WASHINGTON, D.C. — Big-time college athletics has something called a transfer portal, a window of time during which athletes on scholarship can switch schools.
The Catholic Church in the United States has its own transfer portal: the annual priest-reassignment cycle. While each diocese operates its own schedule, the vast majority of transfers occur in June and July.
For some dioceses, though, transfer season is a bit like baseball season: delayed, but with a possible start date in mind. It’s just another side effect of the coronavirus.
“Here in the Archdiocese of Chicago we usually begin priests’ new assignments on July 1 of every year. This year we are postponing most of the moves until August or September,” said Father Michael Knotek, vicar for priests in the archdiocese, in a May 4 email to Catholic News Service.
“However, there are some assignments which will begin on July 1 because the move is not dependent on another priest’s placement such as when two or three parishes are merging or because the priests are going into specialized nonparochial ministries,” Knotek added. “Also, some of the priests who were scheduled to retire on July 1 will be allowed to do so.”
“There’s a number of different levels to it,” said Auxiliary Bishop Edmund J. Whalen of New York, the archdiocesan vicar for clergy, in a May 4 phone interview with CNS. “The normal date is July. You don’t want pastors to leave without a chance to say goodbye first.”
He added: “We’re looking toward September for a changes date … but that’s still fluid. Because we don’t know what’s going to happen in September.”
Whalen said the archdiocese may stagger transfers. They could take place later for the densely populated New York City boroughs of Manhattan, Staten Island and the Bronx, but earlier for counties in upstate New York that are also part of the archdiocese.
Whatever plan is chosen, he said, the archdiocese is getting off easy as it has only about 10 transfers for its 283 parishes. Under the framework of an expensive parish reorganization plan six years ago, priests assigned to newly consolidated parishes were given the title “administrator” for one year, then made pastors in 2015. Given the six-year cycle for assignments, far more transfers will be in the offing for 2021, Whalen said.
However, in the Archdiocese of Atlanta, plans are on course to reassign priests effective the customary date of July 1, according to Auxiliary Bishop Bernard E. Shlesinger, director of priest personnel, and not because Georgia Gov. Brian Kemp became one of the first governors to allow a partial reopening of a state effective May 1.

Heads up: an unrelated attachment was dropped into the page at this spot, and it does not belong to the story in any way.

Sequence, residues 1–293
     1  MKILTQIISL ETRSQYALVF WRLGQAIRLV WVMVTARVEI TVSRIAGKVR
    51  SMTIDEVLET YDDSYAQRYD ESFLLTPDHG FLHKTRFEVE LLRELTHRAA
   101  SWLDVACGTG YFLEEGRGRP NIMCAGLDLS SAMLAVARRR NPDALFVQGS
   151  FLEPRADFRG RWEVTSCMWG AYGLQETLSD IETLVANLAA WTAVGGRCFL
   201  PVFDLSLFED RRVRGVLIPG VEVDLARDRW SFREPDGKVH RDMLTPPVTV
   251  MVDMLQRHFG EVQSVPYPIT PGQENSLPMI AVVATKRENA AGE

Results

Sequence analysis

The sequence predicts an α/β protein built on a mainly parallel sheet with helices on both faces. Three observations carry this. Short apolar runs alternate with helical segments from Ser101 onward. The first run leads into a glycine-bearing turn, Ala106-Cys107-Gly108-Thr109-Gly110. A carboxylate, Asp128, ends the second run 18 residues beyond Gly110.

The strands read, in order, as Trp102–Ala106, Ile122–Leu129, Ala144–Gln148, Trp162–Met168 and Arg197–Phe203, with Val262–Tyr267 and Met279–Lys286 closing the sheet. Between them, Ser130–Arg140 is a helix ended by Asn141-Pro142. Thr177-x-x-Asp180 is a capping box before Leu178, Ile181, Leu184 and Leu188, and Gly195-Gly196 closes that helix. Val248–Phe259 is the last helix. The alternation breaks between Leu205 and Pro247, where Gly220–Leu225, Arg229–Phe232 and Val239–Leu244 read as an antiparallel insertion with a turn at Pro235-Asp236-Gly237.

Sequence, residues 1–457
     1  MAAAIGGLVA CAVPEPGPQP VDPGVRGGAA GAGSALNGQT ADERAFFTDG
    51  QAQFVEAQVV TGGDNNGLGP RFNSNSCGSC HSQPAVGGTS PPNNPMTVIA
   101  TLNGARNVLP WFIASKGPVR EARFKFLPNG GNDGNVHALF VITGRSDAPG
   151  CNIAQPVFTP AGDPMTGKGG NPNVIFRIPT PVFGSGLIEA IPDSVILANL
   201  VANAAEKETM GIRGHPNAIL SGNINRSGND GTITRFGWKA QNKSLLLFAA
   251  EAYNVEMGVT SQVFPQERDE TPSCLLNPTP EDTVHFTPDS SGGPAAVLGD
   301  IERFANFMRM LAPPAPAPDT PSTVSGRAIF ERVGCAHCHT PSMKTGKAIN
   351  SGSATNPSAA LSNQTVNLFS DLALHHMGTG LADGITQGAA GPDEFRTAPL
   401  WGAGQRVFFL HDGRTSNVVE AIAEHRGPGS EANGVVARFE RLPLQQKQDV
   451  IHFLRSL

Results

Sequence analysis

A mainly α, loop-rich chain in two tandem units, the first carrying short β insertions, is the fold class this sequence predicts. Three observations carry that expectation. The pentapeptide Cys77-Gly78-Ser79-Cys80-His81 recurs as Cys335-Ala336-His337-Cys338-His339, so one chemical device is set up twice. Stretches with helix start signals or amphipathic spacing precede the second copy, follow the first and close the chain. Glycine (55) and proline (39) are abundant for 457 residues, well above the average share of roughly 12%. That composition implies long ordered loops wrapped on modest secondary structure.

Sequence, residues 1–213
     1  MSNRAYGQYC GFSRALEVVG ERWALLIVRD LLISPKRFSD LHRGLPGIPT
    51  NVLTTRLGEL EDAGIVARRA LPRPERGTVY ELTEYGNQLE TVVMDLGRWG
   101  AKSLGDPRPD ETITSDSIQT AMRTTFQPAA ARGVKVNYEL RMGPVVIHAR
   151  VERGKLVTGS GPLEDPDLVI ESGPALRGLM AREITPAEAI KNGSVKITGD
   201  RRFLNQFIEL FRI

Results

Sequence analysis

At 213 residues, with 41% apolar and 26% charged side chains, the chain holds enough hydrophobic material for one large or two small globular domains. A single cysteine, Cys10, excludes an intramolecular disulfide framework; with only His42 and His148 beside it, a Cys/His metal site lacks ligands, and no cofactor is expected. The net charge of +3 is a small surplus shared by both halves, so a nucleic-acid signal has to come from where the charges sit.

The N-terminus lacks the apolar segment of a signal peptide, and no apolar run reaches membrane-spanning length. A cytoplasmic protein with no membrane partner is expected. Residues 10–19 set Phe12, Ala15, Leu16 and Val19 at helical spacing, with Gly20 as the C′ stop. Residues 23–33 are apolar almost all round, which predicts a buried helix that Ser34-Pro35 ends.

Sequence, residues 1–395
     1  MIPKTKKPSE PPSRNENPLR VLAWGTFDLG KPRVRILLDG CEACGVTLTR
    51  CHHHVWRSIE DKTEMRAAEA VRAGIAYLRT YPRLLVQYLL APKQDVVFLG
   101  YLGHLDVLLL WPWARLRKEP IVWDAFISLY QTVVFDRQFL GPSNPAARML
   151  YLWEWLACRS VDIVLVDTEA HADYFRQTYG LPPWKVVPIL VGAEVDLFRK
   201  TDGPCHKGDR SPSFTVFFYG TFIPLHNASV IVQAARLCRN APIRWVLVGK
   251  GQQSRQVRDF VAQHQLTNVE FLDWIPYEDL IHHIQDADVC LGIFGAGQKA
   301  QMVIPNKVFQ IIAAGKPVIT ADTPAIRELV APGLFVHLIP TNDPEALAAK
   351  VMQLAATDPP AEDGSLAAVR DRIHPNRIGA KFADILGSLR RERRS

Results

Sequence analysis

July 1 represents the start of a new fiscal year for the archdiocese, Shlesinger told CNS. “We also have to move on several assignments,” including campus ministry, ordinations and retirements, he added. “If we get back to schools, the pastors use July 1 for ramping up with the principals on the new school year. It’s best to make changes in the summer rather than midstream.”
However, he acknowledges, “priests would say that July 1 is not a good date because of all of the first Communions, the confirmations, the baptisms have been put on hold.”
He said new pastors would have to work out with the previous pastors about when to celebrate these sacraments, but when some pastors leave a parish they might just say: “I have to get my head around a new assignment.'”
The Diocese of Charlotte, North Carolina, plans to reassign priests on their current schedule, according to diocesan communications director Patricia Guilfoyle.
In the Diocese of Wichita, Kansas, assignments are being delayed two weeks: June 16 rather than June 2, Matthew Vainer, communications director, told CNS May 6. “We give the priests about two weeks in between to get everything situated and moved around,” he said.
“Our normal plans of priest assignments are on schedule at this time,” said Paula Grant, secretary of communications for the Archdiocese of Washington in a May 5 email to CNS. “Any potential change will be evaluated based upon future guidelines from the local government jurisdictions.”
Across the Potomac River in the Diocese of Arlington, Virginia, the situation is still uncertain. A representative of the diocese’s Vicar for Clergy Office said no decision has yet been made, depending in part on what Virginia Gov. Ralph Northam does. On May 4, Northam, a doctor, extended the state’s shelter-in-place order to May 14, leaving open the possibility of loosening some restrictions May 15. Also key to the diocese is whether priestly ordinations can be performed on time.